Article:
(2) Exhaustion of rights. Parallel import cases where the trade mark owner’s goods are imported from outside the European Economic Area (EEA) and are first put on sale in the EEA without the trade mark owner’s consent. In the CJEU cases starting with Silhouette, it is established that this amounts to infringement under Art 5(1)(a). But the cases make no reference to this use being prejudicial to any of the trade mark functions, or even whether this is a requirement (similarly for the re-packaging cases where the defendant does not comply with the CJEU’s guidelines). These cases could be reconciled, however, on the basis that the trade mark functions we are concerned with are the right to decide which goods to sell under the trade mark in the EEA and how they should be marketed.

(3) Honest concurrent use. In these cases there is no adverse effect on the origin function, as consumers have become used to the position and there is little if any confusion. The burden of proof seems to be on the defendant. The other trade mark functions although mentioned in the decision, do not feature in the court’s answer to the question asked, but presumably they ae not affected by the concurrent use either.

(4) Keyword advertising cases. For these cases Arnold J refers principally to Kitchin LJ’s decision in Interflora, that the burden of proof is on the trade mark owner thereby overturning Arnold J at first instance. Arnold J responds that if this was intended to apply to cases other than keyword advertising, it is obiter, and criticises it for failing to take account of the CJEU case-law, a wrong interpretation of Class International v Colgate-Palmolive (on exhaustion of rights), and as with the CJEU cases on keywords, failing to consider TRIPS Art 16.
Arnold J’s conclusion (paras 163-4) is that the position is unclear. But for this case it does not need to be referred to the CJEU and instead he adopts what he considers is the better view, more consistent with the case-law and TRIPS, that to establish infringement under Articles 5(1)(a)/9(1)(a), the trade mark owner need only prove the first five conditions [see ADDENDUM below]. If satisfied, the burden shifts to the defendant to show that his use does not prejudice any of the trade mark functions. An alternative might be that only a presumption of confusion is made, and then if the defendant shows there is none it is for the trade mark owner to show if he can that other trade mark functions are prejudiced. However, there would likely be no practical difference in many cases. It is hard to avoid concluding also that he is saying that the Court of Appeal has made a mistake and reached a wrong conclusion. Is Arnold J’s conclusion only obiter because the case is really about honest concurrent use? Or the grand unifying theory of double identity?
Thanks so much, Tim, for your analysis -- it's much appreciated.

ADDENDUM: a reader has written in to ask what the conditions are. For the sake of clarification, here's para 83 of Arnold J's judgment:
"The six conditions. The case law of the CJEU establishes that the proprietor of a trade mark can only succeed in a claim under Article 5(1)(a) of the Directive or Article 9(1)(a) of the Regulation if six conditions are satisfied: (i) there must be use of a sign by a third party within the relevant territory; (ii) the use must be in the course of trade; (iii) it must be without the consent of the proprietor of the trade mark; (iv) it must be of a sign which is identical to the trade mark; (v) it must be in relation to goods or services which are identical to those for which the trade mark is registered; and (vi) it must affect, or be liable to affect, one of the functions of the trade mark [citations omitted]"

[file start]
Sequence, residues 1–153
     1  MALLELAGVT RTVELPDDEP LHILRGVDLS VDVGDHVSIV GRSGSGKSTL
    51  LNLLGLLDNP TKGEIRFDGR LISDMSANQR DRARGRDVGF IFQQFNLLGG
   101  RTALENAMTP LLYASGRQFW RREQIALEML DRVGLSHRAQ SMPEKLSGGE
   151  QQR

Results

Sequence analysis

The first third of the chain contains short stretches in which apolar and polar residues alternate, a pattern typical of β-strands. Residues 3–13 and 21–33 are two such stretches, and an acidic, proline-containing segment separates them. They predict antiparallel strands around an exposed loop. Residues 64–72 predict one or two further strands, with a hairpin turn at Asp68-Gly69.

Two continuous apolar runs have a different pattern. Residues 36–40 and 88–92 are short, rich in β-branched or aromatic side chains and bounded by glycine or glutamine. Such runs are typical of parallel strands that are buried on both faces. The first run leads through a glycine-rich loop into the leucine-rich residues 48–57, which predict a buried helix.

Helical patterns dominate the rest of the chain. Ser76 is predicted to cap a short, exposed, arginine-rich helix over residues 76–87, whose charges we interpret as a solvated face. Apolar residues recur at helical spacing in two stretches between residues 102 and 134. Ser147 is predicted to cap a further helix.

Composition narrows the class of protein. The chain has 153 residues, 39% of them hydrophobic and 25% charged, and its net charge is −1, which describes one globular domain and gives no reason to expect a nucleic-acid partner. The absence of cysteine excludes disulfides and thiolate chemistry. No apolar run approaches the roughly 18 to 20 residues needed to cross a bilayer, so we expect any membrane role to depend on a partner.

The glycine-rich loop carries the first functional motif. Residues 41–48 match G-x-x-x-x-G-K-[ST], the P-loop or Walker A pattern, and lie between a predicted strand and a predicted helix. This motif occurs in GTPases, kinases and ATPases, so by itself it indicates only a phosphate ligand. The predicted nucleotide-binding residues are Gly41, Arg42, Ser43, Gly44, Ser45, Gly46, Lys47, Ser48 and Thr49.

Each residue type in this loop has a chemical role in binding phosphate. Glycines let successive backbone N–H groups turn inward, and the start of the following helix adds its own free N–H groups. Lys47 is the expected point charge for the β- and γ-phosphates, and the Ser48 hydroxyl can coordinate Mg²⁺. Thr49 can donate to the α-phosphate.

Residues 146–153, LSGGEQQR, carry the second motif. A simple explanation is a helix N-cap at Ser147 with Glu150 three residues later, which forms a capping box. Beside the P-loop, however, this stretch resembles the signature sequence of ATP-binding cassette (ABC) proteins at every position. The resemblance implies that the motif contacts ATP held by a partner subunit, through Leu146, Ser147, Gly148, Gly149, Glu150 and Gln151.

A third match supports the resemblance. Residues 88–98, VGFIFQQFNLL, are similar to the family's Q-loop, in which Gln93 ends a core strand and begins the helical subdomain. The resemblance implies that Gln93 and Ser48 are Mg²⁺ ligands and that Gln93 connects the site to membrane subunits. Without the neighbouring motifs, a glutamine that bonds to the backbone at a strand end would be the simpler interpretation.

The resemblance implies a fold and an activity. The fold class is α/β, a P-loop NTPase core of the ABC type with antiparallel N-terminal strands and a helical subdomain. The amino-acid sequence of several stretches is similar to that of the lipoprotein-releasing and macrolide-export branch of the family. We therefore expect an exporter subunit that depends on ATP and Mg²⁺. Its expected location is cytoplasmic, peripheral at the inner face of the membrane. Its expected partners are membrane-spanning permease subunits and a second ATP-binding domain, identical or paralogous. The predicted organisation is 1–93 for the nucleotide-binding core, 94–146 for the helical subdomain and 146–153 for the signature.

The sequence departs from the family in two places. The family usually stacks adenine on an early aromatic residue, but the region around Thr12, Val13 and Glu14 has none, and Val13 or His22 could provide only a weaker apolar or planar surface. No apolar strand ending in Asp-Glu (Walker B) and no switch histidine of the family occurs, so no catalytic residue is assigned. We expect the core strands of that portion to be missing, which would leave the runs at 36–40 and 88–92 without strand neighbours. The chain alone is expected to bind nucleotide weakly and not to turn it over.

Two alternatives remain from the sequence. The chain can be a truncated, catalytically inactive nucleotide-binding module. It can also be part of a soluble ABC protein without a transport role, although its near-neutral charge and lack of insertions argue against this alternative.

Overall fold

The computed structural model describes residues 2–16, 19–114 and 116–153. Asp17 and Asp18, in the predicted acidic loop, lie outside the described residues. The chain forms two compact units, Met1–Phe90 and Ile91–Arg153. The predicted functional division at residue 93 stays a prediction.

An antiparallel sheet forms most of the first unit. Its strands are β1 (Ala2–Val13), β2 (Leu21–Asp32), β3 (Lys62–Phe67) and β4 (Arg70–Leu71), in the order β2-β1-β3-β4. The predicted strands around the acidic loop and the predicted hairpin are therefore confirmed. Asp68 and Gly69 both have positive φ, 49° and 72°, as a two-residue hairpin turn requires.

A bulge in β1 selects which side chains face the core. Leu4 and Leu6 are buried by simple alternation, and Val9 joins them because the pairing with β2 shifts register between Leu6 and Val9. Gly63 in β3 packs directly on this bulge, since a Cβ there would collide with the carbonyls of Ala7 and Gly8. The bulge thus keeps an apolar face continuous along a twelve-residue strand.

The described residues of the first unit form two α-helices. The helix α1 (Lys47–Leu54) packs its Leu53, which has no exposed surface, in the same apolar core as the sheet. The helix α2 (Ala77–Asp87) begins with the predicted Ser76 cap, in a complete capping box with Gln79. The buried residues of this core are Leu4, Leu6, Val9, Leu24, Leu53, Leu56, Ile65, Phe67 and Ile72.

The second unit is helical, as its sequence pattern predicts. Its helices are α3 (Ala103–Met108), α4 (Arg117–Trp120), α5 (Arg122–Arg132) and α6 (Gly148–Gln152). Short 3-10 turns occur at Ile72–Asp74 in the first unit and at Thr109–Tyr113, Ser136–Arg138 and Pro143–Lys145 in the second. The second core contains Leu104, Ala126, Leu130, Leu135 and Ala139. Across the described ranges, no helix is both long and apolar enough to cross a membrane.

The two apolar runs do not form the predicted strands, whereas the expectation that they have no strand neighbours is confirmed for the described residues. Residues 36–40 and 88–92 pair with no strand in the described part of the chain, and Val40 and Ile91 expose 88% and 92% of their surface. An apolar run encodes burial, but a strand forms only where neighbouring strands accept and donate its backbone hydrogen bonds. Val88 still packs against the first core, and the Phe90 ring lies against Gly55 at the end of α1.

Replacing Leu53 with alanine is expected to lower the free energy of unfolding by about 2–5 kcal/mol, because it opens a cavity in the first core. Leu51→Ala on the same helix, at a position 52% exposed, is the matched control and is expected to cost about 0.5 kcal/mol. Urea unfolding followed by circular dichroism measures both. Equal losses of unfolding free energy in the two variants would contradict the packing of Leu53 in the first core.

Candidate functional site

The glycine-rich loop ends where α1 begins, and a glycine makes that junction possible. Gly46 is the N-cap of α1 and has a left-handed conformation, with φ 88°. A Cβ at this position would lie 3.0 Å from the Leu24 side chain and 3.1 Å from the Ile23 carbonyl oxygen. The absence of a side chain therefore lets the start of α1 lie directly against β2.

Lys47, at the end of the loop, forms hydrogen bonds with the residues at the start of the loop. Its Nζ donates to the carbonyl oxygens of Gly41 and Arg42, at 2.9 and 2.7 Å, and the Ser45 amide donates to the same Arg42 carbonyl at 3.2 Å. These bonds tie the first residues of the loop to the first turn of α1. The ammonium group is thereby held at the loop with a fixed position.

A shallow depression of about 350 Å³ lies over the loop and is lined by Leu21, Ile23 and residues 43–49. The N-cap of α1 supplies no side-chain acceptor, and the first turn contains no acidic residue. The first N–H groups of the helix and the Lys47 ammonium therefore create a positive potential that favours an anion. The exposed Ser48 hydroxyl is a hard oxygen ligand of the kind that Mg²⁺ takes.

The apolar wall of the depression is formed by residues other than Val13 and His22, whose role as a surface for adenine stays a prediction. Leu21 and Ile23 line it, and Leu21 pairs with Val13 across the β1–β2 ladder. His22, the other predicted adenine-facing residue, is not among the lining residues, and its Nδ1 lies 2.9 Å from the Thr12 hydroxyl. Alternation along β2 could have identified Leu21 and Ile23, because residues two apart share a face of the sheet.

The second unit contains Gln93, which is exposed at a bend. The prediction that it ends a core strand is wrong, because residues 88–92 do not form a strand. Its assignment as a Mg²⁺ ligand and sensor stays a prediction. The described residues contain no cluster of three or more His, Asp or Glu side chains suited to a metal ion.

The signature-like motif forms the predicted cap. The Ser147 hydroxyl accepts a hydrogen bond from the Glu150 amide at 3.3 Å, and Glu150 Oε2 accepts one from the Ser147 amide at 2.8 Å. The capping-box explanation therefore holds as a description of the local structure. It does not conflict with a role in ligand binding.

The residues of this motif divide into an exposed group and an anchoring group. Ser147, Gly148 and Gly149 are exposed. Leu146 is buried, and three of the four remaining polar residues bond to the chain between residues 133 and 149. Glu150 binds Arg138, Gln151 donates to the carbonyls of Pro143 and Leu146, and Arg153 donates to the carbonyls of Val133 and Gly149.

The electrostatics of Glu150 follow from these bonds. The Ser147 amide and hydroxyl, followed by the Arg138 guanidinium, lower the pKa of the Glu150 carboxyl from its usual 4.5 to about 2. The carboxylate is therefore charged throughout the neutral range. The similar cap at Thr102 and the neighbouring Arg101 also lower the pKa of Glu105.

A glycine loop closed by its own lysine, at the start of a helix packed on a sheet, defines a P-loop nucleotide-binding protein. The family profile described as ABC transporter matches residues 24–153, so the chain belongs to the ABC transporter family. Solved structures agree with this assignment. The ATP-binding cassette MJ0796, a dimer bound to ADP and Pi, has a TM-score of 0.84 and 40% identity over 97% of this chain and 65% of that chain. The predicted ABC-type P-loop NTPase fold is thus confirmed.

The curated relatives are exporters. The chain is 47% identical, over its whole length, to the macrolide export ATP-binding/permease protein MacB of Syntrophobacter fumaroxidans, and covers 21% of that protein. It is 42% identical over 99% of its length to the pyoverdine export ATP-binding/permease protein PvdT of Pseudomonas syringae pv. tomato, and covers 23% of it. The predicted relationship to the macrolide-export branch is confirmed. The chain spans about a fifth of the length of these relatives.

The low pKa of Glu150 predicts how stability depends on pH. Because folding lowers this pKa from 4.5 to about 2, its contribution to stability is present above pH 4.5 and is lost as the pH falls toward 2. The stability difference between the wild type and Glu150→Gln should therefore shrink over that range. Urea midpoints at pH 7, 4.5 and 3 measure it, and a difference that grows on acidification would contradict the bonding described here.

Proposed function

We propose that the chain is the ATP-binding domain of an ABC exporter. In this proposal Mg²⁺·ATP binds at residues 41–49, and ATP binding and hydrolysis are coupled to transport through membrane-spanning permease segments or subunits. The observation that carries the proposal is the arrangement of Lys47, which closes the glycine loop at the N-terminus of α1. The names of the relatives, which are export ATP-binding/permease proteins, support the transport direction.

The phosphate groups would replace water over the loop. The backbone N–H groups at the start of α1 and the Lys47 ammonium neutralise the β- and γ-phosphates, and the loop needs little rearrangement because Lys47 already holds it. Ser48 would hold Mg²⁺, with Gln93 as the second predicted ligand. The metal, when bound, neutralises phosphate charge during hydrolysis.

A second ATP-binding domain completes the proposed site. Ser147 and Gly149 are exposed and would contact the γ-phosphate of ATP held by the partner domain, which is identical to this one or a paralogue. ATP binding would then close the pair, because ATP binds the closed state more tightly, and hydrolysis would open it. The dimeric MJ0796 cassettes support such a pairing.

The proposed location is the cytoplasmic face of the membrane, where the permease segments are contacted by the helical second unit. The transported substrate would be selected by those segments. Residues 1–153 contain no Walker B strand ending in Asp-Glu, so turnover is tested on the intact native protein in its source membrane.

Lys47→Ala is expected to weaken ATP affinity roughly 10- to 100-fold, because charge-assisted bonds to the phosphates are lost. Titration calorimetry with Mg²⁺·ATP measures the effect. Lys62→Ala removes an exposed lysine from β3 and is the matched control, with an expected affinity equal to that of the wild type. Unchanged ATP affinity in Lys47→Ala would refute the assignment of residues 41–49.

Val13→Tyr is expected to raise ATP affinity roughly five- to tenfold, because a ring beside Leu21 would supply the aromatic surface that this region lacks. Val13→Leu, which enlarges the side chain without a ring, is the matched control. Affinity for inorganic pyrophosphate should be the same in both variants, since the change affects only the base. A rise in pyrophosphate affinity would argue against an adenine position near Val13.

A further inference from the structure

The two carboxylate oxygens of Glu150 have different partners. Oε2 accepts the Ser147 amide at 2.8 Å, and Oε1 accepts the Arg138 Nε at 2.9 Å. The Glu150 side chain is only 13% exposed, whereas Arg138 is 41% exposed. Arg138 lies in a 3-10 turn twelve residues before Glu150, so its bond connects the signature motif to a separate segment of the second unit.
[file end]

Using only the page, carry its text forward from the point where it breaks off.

Barbara Cookson said...

I note you refer to "practice of some trade mark owners to file broadly, covering many if not all goods and services within classes of potential interest. In this way they can secure protection for their marks, most directly by oppositions, for wide ranges of goods and services for which they will never be used, despite the potential for other uses of the same mark which will cause no confusion in the marketplace. "

Are we just accepting that or does the proper implementation of the intention of the Harmonisation Directive recital 9 need to be addressed

Aaron said...

Well it sounds like he has laid a marker for the HC to refer the matter up in Interflora for another reference. I think he is being generous in saying it isnt acte claire.

For my part, he is correct. The protection under 5(1)(a) is absolute except where a statutory defence exists or the defendant is able to show that the use complained of does not affect any of the functions. Indeed, the manner in which the defences apply is a reflection of this absolute protection.

His reference to keywords as potentially being akin to comparative advertising is also well reasoned and the line of cases on comparative advertising lends an appropriate model to the resolution of keyword cases.

Anonymous said...

Arnold J is a machine, isn't he? 4 hearing days ending 2 February; delivers 208 paragraph judgment precisely, critically, convincingly analysing 15 years of ECJ case law 10 days later??